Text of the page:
Once upon a time I was young and restless. My father, who'd hung the moon and kept the stars in place in the Spring and Summer of my life, seemed to become a stodgy old man by Fall, and lose all his charm by the Winter of my adolescence. The father I obeyed without question became an adversary. Church lost its attraction to me because I saw a deacon sneaking a smoke outside the church one Sunday. That confused me. I'd been taught that the body of a Christian was the temple of God and what we put into our bodies honored or dishonored the Father in heaven. The word hypocrite took on new meaning for me as a vulnerable sixteen-year-old. I wondered how many other things Christians who taught me did in secret. The Sunday School teachers I'd listened to, and trusted, for 16 years no longer seemed "cool".
I went my own way for several years after that. I can't say that my faith in God went up in smoke from witnessing a puffing Christian. I can only say it gave me excuse to disregard what I'd been taught by those I thought knew everything. I thought my father was invincible--that even though he did not attend church, it was because he was busy being a fireman and community servant. It couldn't mean he was not a Christian. After all, he made sure we kids went to church every single Sunday morning. He gave me a white Bible on my tenth birthday. Yet, somewhere between 10 and 16, I realized the grapes that were fermenting in our garage were not a tangy form of Welch's juice. My restlessness took on a life of its own.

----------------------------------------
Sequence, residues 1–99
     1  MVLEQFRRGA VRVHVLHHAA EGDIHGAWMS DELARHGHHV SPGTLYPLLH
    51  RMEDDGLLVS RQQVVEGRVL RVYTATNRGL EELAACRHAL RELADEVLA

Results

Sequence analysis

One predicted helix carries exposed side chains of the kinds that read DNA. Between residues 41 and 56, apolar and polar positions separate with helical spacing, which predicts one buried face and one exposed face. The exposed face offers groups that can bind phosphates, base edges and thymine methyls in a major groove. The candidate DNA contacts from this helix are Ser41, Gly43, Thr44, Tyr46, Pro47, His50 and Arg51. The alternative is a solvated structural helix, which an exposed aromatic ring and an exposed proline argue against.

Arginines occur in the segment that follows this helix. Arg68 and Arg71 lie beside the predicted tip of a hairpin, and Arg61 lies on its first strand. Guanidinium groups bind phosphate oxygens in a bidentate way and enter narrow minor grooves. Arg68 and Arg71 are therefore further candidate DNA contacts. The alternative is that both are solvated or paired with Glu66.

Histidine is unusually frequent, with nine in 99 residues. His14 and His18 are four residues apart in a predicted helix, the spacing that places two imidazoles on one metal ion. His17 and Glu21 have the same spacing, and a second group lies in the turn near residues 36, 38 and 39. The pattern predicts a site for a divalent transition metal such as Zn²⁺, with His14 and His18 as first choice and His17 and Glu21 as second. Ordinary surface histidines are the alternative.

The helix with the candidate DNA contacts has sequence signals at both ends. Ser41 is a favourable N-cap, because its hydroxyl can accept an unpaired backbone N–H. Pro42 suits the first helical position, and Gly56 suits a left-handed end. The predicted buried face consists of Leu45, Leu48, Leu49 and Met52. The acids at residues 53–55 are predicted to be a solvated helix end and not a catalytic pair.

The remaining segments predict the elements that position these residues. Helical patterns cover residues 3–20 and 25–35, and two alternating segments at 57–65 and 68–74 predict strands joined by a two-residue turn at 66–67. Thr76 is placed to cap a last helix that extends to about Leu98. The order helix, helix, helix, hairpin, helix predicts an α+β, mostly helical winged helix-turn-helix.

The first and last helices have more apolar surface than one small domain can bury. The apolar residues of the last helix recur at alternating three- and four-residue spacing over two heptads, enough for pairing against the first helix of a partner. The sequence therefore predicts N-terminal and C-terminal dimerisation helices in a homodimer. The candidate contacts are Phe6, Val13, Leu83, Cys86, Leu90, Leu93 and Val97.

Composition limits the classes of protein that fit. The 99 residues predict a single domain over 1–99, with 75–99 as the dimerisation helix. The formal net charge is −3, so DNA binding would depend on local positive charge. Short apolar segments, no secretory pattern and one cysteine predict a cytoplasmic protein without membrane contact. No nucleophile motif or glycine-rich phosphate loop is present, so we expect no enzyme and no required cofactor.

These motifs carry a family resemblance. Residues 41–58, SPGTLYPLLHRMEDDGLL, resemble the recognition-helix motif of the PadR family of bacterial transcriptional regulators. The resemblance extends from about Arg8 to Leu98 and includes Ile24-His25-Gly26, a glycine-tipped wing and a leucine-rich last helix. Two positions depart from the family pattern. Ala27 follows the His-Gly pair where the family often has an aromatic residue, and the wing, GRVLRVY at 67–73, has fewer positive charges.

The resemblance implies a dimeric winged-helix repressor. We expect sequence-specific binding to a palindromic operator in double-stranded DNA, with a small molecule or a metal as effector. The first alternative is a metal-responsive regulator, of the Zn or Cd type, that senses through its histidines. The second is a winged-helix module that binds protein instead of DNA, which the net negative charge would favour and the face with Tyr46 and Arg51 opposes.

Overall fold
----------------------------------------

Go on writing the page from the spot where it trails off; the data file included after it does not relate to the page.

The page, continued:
Today I am old. Settled. Reborn.
Today I know how foolish one can be in life when they judge God based on the merits of others. I see how God's Word stands in the face of witless thinking. I see how faith withstands the tests of time and circumstance and failure. I know that God's grace works continually in the life of a child-like trust in "For God so loved the world, He gave His only begotten son, that whosoever believeth in Him will have everlasting life." John 3:16. [emphasis mine]
While I watch the demise of some institutions of faith, I cannot help but wonder what the Lord sees and wonder if He looks down from heaven and smells the fragrance of His people's prayers or the stench of their disobedience. I wonder why so few realize The Most High God inhabits the praises of His people. I wonder if others who stand in solidarity with settled rest beneath the blanket of Christ's redeeming blood alone feel as disheartened as I do when they look at the horizons of the setting sun. When they see the young and restless attempt to undo that which their fathers before them stood in the gap to build? do others see the strongholds crumbling in the tension of unsettled hearts? do others understand how jumping up and down on bridges built to share the love of Christ can weaken its support and cause catastrophic consequence to those children walking toward safety on the other side? I wonder. I really wonder. (to be continued...) selahV